Jamestown Police Chief Harry Snellings says there are some other arson fires in vacant homes including Tuesday's on the southside that were not allegedly set by Jonathan Young.

 

The home at 206 Charles Street was heavily-damaged by flames Tuesday. Fire Battalion Chief Andrew Finson says crews were called to the scene at about 6:45 AM... and, found the blaze had a good head start. Fortunately.. no one was hurt in that blaze.


State budget negotiations have collapsed after members of the state Senate left Albany. 

 

Republican Senate Leader John Flanagan said he will call his members back when and if there is a deal with Assembly Democrats and Democratic Governor Andrew Cuomo. The budget was due by Saturday

 

Lawmakers on Monday passed a two-month extension of the old budget to ensure the vital functions of government continue.  Just moments before the Senate left members of the Assembly announced they would stay in the hopes of striking a deal. 

 

However State Senator Cathy Young blamed Assembly Democrats on reneging on what the Senate felt was a final deal.  Lawmakers won't get paid until they pass a budget. 

 

The Legislature is scheduled to return to Albany in late April.  The breakdown in talks is a defeat for top lawmakers and Cuomo, who has long criticized late budgets as a sign of government dysfunction.


While there were reports of an agreement on a final state budget being worked out... the rank and file members still didn't have a lot of details.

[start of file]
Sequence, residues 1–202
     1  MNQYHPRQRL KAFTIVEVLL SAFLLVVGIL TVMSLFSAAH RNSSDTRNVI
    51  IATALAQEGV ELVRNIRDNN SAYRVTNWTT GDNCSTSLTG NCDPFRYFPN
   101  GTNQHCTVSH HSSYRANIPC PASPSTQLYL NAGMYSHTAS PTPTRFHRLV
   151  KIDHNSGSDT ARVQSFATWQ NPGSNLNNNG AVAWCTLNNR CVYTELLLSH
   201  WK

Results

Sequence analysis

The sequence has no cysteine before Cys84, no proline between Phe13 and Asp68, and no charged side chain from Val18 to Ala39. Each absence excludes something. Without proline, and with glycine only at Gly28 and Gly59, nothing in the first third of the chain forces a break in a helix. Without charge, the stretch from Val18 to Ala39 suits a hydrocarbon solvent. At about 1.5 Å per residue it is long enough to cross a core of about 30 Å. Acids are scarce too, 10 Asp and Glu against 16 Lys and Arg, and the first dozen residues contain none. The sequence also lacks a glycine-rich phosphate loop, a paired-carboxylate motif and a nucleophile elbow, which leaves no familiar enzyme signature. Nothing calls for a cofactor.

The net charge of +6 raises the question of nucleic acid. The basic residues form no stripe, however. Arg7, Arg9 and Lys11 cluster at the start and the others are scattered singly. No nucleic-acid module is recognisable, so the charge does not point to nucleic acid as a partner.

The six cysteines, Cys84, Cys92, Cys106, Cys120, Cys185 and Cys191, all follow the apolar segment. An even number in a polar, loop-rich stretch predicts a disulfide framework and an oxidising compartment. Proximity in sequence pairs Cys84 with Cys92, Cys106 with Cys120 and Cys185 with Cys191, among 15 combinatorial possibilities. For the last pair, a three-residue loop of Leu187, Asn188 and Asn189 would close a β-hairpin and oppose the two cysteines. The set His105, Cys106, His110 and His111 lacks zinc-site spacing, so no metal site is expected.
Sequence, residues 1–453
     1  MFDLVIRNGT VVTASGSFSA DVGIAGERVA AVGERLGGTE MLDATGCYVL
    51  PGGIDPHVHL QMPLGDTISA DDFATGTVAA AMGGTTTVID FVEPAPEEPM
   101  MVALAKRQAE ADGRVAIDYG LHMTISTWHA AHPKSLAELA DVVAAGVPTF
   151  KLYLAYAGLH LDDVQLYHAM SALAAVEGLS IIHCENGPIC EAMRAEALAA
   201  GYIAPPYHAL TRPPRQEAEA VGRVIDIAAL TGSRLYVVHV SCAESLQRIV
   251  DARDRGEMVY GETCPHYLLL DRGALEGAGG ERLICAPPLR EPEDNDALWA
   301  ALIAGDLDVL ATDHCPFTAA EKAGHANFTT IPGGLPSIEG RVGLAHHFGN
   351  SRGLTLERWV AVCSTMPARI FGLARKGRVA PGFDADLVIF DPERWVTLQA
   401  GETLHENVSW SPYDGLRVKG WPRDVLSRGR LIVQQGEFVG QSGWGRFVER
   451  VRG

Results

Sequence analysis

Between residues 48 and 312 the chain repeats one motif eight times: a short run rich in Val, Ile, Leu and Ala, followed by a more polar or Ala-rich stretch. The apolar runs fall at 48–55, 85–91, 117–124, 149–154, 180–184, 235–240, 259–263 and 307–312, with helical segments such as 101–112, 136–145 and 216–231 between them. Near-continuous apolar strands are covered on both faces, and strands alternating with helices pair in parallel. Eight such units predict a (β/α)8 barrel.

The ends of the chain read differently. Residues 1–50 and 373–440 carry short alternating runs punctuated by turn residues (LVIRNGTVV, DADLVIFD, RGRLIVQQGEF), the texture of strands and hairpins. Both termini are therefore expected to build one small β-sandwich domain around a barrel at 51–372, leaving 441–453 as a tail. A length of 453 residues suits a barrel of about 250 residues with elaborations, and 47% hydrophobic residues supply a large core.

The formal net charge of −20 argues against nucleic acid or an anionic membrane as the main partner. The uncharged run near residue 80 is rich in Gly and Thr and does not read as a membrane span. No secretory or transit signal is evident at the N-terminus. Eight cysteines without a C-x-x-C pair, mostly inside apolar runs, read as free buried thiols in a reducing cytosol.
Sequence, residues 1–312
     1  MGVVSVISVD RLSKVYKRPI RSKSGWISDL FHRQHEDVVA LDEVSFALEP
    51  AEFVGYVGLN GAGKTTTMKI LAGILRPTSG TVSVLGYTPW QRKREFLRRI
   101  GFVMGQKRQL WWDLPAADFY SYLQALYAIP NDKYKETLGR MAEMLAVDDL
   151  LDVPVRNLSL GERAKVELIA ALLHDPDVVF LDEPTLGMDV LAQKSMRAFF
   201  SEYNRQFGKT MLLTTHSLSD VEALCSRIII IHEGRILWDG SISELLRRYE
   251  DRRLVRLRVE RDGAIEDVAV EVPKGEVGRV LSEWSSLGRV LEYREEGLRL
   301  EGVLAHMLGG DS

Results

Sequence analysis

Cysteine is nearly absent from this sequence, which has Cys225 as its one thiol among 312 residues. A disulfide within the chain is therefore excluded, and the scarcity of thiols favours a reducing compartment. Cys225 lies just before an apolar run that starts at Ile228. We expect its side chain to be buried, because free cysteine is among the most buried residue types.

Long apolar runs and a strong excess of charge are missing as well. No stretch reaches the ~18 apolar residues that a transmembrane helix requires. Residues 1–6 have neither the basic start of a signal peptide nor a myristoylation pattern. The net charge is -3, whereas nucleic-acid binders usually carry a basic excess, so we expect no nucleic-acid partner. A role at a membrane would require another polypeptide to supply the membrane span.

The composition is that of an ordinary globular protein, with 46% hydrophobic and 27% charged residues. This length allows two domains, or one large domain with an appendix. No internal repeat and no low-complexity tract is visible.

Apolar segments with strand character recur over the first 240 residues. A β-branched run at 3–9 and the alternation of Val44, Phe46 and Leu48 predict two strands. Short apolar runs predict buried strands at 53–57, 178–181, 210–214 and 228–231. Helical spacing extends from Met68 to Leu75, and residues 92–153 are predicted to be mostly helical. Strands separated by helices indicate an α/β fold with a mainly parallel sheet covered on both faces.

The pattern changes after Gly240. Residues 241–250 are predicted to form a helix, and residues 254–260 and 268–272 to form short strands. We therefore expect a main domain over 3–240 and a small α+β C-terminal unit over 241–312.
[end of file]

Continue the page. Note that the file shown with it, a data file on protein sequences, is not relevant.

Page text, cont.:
We reached Assemblyman Andy Goodell, who represents Chautauqua County, late yesterday morning.  He says only a portion of the bills that make up the final budget had actually been printed.

 

But, Goodell a Jamestown-area Republican  say no details have been released on the more controversial issues so far including Uber and Ride-Sharing and, the "Raise the Age" proposal. 

 

He says the State Senate passed four of the budget bills late Tuesday night and, the Assembly was to take up the bills late yesterday.  He remains frustrated about the process, much of it done behind closed doors.


Despite a Democratic "talk-a-thon" as some are calling it in the U-S Senate... it appears Republicans will be moving ahead with a confirmation vote on Supreme Court nominee Neil Gorsuch. 

 

If it takes a vote on allowing a simple majority instead of the usual 60 votes so be it.  Those are the feelings of local Congressman Tom Reed who doesn't have a vote but, has been discussing the situation with some Senators.

 

Reed says "we need to get Gorsuch appointed to the Supreme Court" and, adds that he's calling on the Senate to "expedite" the matter.  The highest court in the land has been dead-locked in recent months on more controversial matters following the untimely death of conservative judge Antonin Scalia.


The state Department of Environmental Conservation says New York hunters killed about 214,000 deer in 2016, up about 5 percent from 2015. 

 

That includes an estimated 109-thousand adult bucks a 10 percent increase from 2015  and 105,000 antlerless deer. 

 

The numbers are preliminary estimates.  The DEC says final harvest numbers are expected later this month as the agency updates its harvest calculation system.  Annual deer and bear harvest reports are posted on the DEC website 

Local News